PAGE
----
I am a bit of a perfectionist, and I can spend a couple of weeks on one scene until it reads right, I will then leave it to rest, go back to it, and no doubt rewrite it again! It’s a long process, but I get there in the end!
What author would you love to have dinner with?
I can’t pick one author — there are in fact three that I would love to have dinner with. I greatly admire the work of Historical Fiction author, Tony Riches. Tony’s books are so vivid, they bring the Tudor world to life — I love getting lost in his stories. Another author whose work just blows me away is M.T. Magee. Magee writes the most poetic romantic fantasy that I have ever read. And lastly, I adore the work of Larry Shackelford. Shackelford’s books are compelling page-turners, and he has a way of bringing his characters to life. I never know what journey he is going to take me on when I open one of his books!
We have many followers who would like to start writing a book or are already writing their first novel, any advice for these brave people?
Read. Read. Read. Read as many books as you can. You don’t have to have a degree in English to write a bestseller, but you do have to be brave and never give up. You can do it. I know you can.
How often do you write, daily, every other day or?
Monday to Friday is dedicated to my novels, the weekends I write the posts for the coming week’s blog — that is the plan anyway, it doesn’t always work out like that.
Do you keep a notebook with ideas for your novels? If so do you carry the notebook with you so you won’t forget any ideas?
I am hopeless at writing things down, and even if I did, I doubt I would ever look at my notes!! So no, I don’t.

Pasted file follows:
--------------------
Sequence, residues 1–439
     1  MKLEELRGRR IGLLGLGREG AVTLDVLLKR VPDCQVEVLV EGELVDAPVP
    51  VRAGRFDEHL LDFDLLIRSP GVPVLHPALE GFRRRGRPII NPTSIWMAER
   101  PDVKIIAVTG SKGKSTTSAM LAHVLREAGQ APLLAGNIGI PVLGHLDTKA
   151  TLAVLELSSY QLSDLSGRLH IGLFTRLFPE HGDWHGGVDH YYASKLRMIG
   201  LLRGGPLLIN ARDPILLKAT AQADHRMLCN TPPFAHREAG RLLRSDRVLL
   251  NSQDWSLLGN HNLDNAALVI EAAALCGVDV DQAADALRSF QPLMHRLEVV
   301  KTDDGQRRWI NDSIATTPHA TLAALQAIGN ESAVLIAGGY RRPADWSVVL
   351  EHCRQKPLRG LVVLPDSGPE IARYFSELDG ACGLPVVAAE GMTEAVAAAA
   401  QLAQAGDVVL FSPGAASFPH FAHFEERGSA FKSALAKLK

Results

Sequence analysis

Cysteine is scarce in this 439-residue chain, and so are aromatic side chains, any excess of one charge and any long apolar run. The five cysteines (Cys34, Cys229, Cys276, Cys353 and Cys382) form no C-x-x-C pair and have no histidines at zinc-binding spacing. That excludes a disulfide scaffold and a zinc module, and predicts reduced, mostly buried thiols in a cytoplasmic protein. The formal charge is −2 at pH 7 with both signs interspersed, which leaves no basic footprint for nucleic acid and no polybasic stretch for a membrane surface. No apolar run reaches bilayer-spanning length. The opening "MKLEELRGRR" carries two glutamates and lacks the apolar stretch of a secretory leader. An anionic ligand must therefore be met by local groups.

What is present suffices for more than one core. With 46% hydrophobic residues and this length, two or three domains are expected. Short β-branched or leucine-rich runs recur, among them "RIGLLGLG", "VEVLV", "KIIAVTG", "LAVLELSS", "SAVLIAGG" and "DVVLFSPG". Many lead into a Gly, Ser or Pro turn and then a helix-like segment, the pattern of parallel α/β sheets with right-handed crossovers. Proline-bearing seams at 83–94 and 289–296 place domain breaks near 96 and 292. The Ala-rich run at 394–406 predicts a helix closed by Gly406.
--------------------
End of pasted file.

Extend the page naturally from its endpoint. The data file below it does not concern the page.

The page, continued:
Being an Historical Fantasy author, it must be very important to do a good deal of research. How important is it in this genre to have your facts right and are there any instances when you bend history to fit your story?
Detail is so important. I probably spend more time researching 5th Century, Britain, Brittany, France, and the Church, than I do writing the book. I want to portray the era as accurately as I can. It is an absolutely fascinating period in history that is often overlooked because it is so obscure. I am also heavily influenced by folklore, and I am fascinated how the story of Arthur was told and how it was changed to fit political purposes and ideology. In a nutshell, I blend history and folklore together, and then I simply add my imagination!
What are you reading at the moment?
I am reading The Gingerbread House by James Richard It is set in the 1900’s, and I am thoroughly enjoying it!
How is it to be an author in the UK? Do you have a good support from the local public?
When I hit the bestseller list on Amazon, my local paper did a page spread about me and my books! So yes, they are a supportive bunch!
– A final message for our circleofbooks.com readers.
Thank you for taking the time to read this interview! I love to chat to readers so look me up on Twitter or Facebook! And if you are an aspiring author…keep writing!
Thank you Mary. We at circleofbooks.com wish you much success!